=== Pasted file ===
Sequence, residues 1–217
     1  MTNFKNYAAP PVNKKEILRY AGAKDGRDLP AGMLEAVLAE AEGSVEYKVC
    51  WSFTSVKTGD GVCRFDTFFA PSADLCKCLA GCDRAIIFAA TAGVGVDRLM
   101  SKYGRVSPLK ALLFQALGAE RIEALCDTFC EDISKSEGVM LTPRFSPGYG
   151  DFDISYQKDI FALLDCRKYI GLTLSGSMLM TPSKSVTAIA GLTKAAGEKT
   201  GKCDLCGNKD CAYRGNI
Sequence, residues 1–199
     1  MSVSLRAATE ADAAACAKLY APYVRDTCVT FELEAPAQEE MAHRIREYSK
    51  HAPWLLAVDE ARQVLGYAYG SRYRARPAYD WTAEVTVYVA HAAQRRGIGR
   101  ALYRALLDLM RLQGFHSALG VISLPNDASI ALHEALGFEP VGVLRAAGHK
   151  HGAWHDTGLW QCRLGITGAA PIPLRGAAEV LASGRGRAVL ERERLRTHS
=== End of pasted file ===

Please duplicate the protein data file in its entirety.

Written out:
Sequence, residues 1–217
     1  MTNFKNYAAP PVNKKEILRY AGAKDGRDLP AGMLEAVLAE AEGSVEYKVC
    51  WSFTSVKTGD GVCRFDTFFA PSADLCKCLA GCDRAIIFAA TAGVGVDRLM
   101  SKYGRVSPLK ALLFQALGAE RIEALCDTFC EDISKSEGVM LTPRFSPGYG
   151  DFDISYQKDI FALLDCRKYI GLTLSGSMLM TPSKSVTAIA GLTKAAGEKT
   201  GKCDLCGNKD CAYRGNI
Sequence, residues 1–199
     1  MSVSLRAATE ADAAACAKLY APYVRDTCVT FELEAPAQEE MAHRIREYSK
    51  HAPWLLAVDE ARQVLGYAYG SRYRARPAYD WTAEVTVYVA HAAQRRGIGR
   101  ALYRALLDLM RLQGFHSALG VISLPNDASI ALHEALGFEP VGVLRAAGHK
   151  HGAWHDTGLW QCRLGITGAA PIPLRGAAEV LASGRGRAVL ERERLRTHS